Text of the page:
There’s so much talk nowadays about valuing the work an artist does. Photographers are posting about how expensive their careers and equipment are. Musicians are posting about how you’re not buying a song, you’re buying the result of sweat, tears, endless studio hours and pieces of their hearts. Designers, about how the logo they created wasn’t simply “a font”. And dancers about how “exposure” really isn’t a reason for them to perform. It’s a familiar rant to any one of us who does something creative for a living.

I haven’t had it as hard as many others but I still feel like I have found myself in unfair and uncomfortable situations more than I should have. I have been given accommodation at shady hostels in pretty unsafe cities, in rooms where the locks don’t even work. I have performed for free, in tiny spaces, on my own expense, in cities all over the country. I have performed at “corporate events” taking place at the biggest, fanciest, and most expensive hotels in Bangalore, where there were people neither to receive us, nor take care of us, nor see us off. On one occasion, 4 other dancers and I shared space with broken painting frames, construction debris, cardboard boxes, old furniture and a floor covered with sawdust, before performing under the most appalling circumstances. I have performed at events where I was told there was no budget to fund travel or artist fee, but where I was asked to pose in front of banners carrying sponsor’s logos after my performance. There have been one or two occasions when I have come off stage feeling like I disrespected a 2000 year old tradition, and 22 years of my own life, unable to meet other artists’ eyes.

In other words, I have been in situations where neither my work, my safety, or my dignity have been respected.

But this isn’t about that. This is about the responsibility we have as artists towards changing the way our art forms are treated. I keep thinking, isn’t there a point at which this should stop? Does it have something to do with how “important” I am? Or is it simply about the precedent I set before I accept a performance?

Because here’s who I’m mad at. I’m mad at other artists. At artists who put up with this nonsense. In my limited experience as a professional dancer, I have found that people take you as seriously as you take yourself. I have had perfectly polite and cordial conversations with event organisers, where I have told them clearly what I will and will not do. Not ONCE have my requests been declined. I’ve gone on to have very positive experiences with the people I choose to work for. Maybe that means that I work less than others, but that’s a choice I have made, and I’m okay with that. When I bring artists in to work with me on collaborations and productions, I make sure they are taken care of to the best of my ability. If I can do it with my limited experience (and I know other artists my age who also do it), there is no reason everyone else can’t.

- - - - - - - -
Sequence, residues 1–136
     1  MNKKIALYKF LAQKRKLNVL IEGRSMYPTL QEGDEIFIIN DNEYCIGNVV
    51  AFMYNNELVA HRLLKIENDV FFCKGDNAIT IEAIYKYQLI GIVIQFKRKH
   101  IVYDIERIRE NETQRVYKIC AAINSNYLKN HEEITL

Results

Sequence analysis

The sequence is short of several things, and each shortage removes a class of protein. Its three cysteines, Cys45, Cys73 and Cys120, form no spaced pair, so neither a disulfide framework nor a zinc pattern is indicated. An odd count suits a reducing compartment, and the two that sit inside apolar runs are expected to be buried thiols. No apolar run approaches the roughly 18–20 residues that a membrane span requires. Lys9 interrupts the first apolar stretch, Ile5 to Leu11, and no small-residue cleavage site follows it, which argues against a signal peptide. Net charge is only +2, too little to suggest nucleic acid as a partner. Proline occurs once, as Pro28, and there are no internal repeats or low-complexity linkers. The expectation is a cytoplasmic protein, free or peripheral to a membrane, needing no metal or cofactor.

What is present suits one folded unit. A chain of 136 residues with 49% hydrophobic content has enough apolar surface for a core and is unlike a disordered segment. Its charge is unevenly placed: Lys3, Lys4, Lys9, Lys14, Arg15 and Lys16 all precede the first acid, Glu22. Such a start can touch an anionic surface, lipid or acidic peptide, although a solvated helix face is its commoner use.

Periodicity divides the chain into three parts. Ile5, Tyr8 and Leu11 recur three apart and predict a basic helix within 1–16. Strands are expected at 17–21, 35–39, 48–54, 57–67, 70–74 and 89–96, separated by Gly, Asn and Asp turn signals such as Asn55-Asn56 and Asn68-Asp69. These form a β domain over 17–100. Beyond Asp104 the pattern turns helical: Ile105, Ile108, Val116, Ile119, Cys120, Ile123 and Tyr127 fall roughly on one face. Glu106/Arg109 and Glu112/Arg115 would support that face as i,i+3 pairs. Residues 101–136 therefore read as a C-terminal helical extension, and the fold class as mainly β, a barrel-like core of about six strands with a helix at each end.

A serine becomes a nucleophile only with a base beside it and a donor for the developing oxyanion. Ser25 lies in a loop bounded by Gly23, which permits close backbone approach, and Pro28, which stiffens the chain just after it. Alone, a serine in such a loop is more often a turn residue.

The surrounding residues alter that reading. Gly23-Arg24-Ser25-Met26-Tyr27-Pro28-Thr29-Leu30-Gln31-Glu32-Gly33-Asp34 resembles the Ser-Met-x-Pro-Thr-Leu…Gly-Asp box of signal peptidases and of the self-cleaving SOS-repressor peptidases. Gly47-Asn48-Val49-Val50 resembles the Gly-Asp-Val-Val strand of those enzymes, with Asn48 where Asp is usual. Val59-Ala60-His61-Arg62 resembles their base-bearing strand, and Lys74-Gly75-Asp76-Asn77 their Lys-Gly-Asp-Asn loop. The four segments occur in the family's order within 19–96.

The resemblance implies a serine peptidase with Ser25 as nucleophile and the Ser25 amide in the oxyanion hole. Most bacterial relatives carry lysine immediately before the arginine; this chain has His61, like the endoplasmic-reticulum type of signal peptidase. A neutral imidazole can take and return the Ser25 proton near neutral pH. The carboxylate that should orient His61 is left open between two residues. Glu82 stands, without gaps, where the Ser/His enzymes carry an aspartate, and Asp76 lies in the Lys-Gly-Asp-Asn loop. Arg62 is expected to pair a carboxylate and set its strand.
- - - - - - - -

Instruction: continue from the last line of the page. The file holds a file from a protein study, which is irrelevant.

If we look around at our industry and dislike the way it is…it’s because we enable it to be this way. We allow people to keep it this way, by putting up with poor treatment. It is OUR fault, make no mistake about it.

This is NOT about money. Let me make that clear. I understand how hard it is to raise money to fund the arts. It’s about respect. Please let’s be clear about the difference. I’ve done shows where I’ve been paid an incredible amount and have still come home feeling like crap. I’ve also done shows for free where I was treated with so much love that I would do it over and over and over that way.

Take yourself seriously as an artist. You are NOT arrogant, for wanting your art form, your years of training and your livelihood to be respected. Your work has value just like everyone else’s.

It’s all well and good to say “I love my art form, I don’t need anything else.”… As long are you’re the one saying it. That is a call YOU make. No one else should be allowed to say it for you.